“What it is?”
Man, I hadn’t heard that in a long while. I push my cart seemingly nowhere. I don’t catch full conversations. Oh, I am grocery shopping, by the way. I hear the music.
“Don’t you worry about a thing, he-eng, he-eng … “ Stevie Wonder. I bought “Innervisions” when I was a junior in high school.
Stevie has some good tunes. Some of Innervision were like the blues wrapped up in jazz wrapped up in rock and roll. The songs like “Living For the City,” that’s what I’m talking about.
“A boy is born, in hard time Mississippi/Surrounded by four walls that ain’t so pretty … Living just enough, just enough for the city.”
Poetry of poverty turned to poetry for profits. Poetry for profits was an idea of mine that never came to fruition. It was kind of in the same category of “Mechanical Bullshit.” Yeah, that was actually an idea I had back in the 80s.
I wasn’t a big fan of “Urban Cowboy” — neither the movie nor the fad that came behind or along it. It was one of those movies I would have never paid to see if it wasn’t for a girlfriend. You all understand that, don’t cha?
Up until John Travolta came to the screen to dance again — remember “Saturday Night Fever?” — I used to pretty much dress in Western-style garb. A Western-style shirt, pressed jeans and cowboy boots. No hat, usually. I wasn’t in the cow business even though I lived in a farm-house that I rented. My only roomies were a herd of cattle on the nearly 100-acre spread.
I was going to college when this whole drugstore cowboy thing exploded, thanks to Bud and Sissy. So I quit wearing cowboy chic and started dressing, well, not-so Western. I also became pretty damn antagonistic to the fad. Thus came mechanical bullshit.
One night I stayed past closing at a favorite nightclub in town. It went through the Urban Cowboy fad, although country-western was a fact of life in Texas then as now. A friend, who is now a big city TV news reporter, was a bartender. This friend let me ride the mechanical bull as the night’s crowd left and club folks began cleaning up. Now this was not THE mechanical bull at Gilley’s, of Urban Cowboy fame, which was the Houston-area honky-tonk owned by country singer Mickey Gilley.
I must confess to having a few adult beverages. The drinks were gratis courtesy of my friend the bartender. With all of that in mind, I got on that ol’ plastic bull or of whatever it was made. I stayed on the contraption at least 16 seconds — or four, or two, at the lowest bucking level available.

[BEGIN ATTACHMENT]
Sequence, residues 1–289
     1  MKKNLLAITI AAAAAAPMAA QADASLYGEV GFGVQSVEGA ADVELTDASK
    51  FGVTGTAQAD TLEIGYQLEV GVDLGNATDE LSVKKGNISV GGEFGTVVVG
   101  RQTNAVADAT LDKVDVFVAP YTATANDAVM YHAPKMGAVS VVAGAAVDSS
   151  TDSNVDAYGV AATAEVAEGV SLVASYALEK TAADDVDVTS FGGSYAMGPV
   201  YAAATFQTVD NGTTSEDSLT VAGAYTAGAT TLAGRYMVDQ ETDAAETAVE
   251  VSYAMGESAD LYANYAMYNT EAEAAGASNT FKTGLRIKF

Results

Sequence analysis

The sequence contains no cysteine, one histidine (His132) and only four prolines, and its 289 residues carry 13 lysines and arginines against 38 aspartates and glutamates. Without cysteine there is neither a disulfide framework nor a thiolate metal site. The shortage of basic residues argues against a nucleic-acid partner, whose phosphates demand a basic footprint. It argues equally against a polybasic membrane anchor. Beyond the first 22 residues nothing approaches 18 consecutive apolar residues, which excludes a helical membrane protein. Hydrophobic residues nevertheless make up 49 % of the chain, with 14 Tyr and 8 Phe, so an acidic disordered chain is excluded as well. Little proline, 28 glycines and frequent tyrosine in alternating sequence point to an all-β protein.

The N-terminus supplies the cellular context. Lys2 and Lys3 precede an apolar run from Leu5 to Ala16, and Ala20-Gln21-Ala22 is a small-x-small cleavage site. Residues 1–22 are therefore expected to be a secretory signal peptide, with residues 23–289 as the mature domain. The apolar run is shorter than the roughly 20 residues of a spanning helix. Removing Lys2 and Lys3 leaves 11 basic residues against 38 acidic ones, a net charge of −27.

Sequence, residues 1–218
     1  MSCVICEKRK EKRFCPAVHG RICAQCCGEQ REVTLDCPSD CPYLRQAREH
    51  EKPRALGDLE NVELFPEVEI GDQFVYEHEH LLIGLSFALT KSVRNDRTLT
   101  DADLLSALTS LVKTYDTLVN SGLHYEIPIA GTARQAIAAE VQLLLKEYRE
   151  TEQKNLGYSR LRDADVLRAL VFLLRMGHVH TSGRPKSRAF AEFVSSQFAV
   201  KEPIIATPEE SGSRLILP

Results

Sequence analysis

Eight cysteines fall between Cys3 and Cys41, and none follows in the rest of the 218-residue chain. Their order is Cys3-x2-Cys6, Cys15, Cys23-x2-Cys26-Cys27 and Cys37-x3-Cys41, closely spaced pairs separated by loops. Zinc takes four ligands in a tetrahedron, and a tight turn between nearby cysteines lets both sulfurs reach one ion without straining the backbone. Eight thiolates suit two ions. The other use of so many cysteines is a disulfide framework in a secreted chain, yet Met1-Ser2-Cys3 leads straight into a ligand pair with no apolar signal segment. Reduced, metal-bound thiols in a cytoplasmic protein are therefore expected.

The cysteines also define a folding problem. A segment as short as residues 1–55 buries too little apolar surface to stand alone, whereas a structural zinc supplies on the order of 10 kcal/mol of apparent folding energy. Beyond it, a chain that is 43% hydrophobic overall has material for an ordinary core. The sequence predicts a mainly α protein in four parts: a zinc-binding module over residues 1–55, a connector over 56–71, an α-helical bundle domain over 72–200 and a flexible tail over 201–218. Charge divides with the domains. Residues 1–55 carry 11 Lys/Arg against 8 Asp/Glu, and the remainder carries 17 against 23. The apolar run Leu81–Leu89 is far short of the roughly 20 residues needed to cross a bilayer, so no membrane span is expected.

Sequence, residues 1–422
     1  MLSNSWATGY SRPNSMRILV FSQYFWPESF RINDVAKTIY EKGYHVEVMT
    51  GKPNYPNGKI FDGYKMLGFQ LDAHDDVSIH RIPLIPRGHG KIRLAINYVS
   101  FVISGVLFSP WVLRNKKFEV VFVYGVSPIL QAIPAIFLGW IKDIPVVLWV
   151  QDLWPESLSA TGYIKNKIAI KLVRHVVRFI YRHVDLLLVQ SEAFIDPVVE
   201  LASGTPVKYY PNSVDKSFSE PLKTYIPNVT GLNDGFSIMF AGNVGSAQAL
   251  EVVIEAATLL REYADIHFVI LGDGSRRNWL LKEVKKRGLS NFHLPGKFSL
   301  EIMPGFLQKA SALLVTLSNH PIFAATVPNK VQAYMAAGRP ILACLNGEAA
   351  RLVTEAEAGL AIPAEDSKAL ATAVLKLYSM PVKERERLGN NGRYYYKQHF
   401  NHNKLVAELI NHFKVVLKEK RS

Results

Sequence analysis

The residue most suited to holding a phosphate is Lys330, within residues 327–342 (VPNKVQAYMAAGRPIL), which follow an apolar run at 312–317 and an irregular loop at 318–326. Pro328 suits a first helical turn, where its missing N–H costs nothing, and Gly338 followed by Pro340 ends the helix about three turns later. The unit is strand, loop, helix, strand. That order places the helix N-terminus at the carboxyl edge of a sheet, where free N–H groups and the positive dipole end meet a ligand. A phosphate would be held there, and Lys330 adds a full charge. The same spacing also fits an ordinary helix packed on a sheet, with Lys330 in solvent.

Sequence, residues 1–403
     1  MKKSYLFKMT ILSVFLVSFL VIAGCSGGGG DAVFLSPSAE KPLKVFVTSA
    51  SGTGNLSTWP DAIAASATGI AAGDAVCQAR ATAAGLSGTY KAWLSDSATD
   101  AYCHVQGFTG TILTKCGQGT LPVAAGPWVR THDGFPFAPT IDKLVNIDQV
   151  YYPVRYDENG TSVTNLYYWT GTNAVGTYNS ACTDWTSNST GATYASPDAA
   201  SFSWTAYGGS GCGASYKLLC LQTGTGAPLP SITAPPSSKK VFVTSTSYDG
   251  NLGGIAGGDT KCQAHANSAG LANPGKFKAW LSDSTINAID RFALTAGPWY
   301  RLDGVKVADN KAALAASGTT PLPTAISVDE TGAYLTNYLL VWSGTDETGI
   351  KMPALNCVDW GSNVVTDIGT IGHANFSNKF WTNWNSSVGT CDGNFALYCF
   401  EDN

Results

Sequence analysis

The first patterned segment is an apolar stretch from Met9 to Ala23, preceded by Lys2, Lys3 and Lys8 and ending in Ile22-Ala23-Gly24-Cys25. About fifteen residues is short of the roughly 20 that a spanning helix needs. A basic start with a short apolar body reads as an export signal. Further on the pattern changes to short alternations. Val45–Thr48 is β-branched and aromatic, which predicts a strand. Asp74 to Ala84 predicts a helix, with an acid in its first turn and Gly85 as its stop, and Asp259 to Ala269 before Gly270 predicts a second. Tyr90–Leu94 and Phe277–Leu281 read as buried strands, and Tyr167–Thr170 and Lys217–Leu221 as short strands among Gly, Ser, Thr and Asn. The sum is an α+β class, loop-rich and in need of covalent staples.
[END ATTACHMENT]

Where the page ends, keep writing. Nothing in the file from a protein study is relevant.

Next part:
Now since surviving a mechanical bull ride, a plan came busting out of my potential business idea like a bull bucking out its chute.
I devised this plan to encase a variety of nuts and bolts into a clear acrylic block, Ta da … I didn’t think long and hard about this idea because I believed the more I thought, the more I would screw up. Sorry, that was an accidental pun. But come to think about it, screws would also work as the mechanical bull scat.
I ran this idea past friend who got excited about it. We just never acted on it. You know how things go sometime.
The same girlfriend I mentioned earlier also made me see “Saturday Night Fever.” Of course, this movie brought about a “disco fever.” Well, you know, fever most often is applied to a high body temperature and that’s not usually something to tout. Still there were some decent songs from the movie’s soundtrack. I liked “More Than a Woman,” by the Bee Gees okay. Like so many songs it reminds me of a particular time in life. I recall this song upon returning from sea duty in the Pacific. I was back only a few months before leaving the Navy. We didn’t do a whole lot once our ship returned to San Diego.
I loved those few months I was on the ship in home port. I had the world ahead of me. I had a loose plan but it turned out vastly different during the following years. But for the time, I was loving California, the Pacific and the mountains. There was plenty of scenery and adventure. Included was all the fun and zest for life when you are 22 years old, and world really is your egg.
All of a sudden, I’m in the grocery store shopping and turning 60 in a few weeks.
Before checking out, I head to the aisle for razors. At the end of the aisle was a rather large woman on a motorized cart. I hear the woman on the cart ask me something but her voice is soft and I do not understand her. I have to ask a couple more times, the last with my ear cupped with my hand as if I am hard of hearing.
“What’s good for pink eye?” she asked. “Is breast milk?” She adds, saying that she was from Louisiana. Perhaps she is explaining why she comes up such an odd remedy.
“Well,” I said, thoughtfully. “I suppose it wouldn’t hurt.”
Suddenly, the woman who was standing and the one who was sitting burst out laughing. I give a puzzling look, then laugh, before pushing my shopping car toward the cashiers.
So much of my life gets examined in the 30 minutes of shopping. It’s like a time machine — or maybe psychoanalysis. And it only cost me $45.
*H-E-B is a large privately-held grocery chain based in San Antonio that operates in Texas and northern Mexico. The letters stand for Howard Edward Butt, son of the founder Florence Butt.